In 1976, Derrick Bell, a former lawyer for the NAACP Legal Defense and Educational Fund, wrote about the inability of modern civil rights litigation to advance real racial justice. His willingness to dissent from civil rights orthodoxy would radically reshape the study of race, law, and history. The result would lead to the creation of critical race theory. This chapter begins by examining the role of historical analysis in the development of critical race theory. It then explores how legal historians of the civil rights movement imported insights from critical race theory to develop three decades of movement scholarship. Next, it charts new scholarly directions for both critical race theorists and legal historians. The chapter concludes with reflections on how legal history and critical race theory have influenced contemporary struggles for racial justice.
Fiscal Compliance Rules for Federal Funding of Elementary and Secondary Education: Transparency, Reason-giving, and Agency Accountability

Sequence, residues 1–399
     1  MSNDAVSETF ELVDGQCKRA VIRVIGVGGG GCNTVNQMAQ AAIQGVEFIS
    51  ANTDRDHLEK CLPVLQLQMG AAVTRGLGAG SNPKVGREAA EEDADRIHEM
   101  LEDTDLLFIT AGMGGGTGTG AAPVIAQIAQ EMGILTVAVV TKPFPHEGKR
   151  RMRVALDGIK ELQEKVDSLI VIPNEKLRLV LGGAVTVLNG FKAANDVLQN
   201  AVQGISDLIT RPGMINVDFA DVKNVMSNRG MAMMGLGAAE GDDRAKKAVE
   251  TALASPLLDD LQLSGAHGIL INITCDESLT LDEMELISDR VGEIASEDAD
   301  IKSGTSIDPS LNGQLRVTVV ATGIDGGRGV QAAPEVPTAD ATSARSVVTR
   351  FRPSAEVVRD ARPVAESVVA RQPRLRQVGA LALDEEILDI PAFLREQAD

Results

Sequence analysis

Nora Gordon and Eloise Pasachoff
Fiscal compliance rules—technical rules governing how states and school districts may use their federal money and how they must document that use—are pervasive throughout federal education law. The purpose of these rules is to hold state and local educational agencies accountable for their spending choices under federal law. Yet, as this chapter demonstrates, the multilayered bureaucratic system in which the rules are embedded actually works against the public accountability they were designed to promote. The chapter describes the institutional system of federal grants administration and how it oversees and enforces fiscal rules. After explaining the importance of these rules to state and local educational agencies, the chapter argues that the fiscal compliance rules would be more valuable in promoting accountability—and thereby would better serve students—if the system as a whole provided clearer and more accessible rules and required documented reason-giving under these rules in publicly available fora.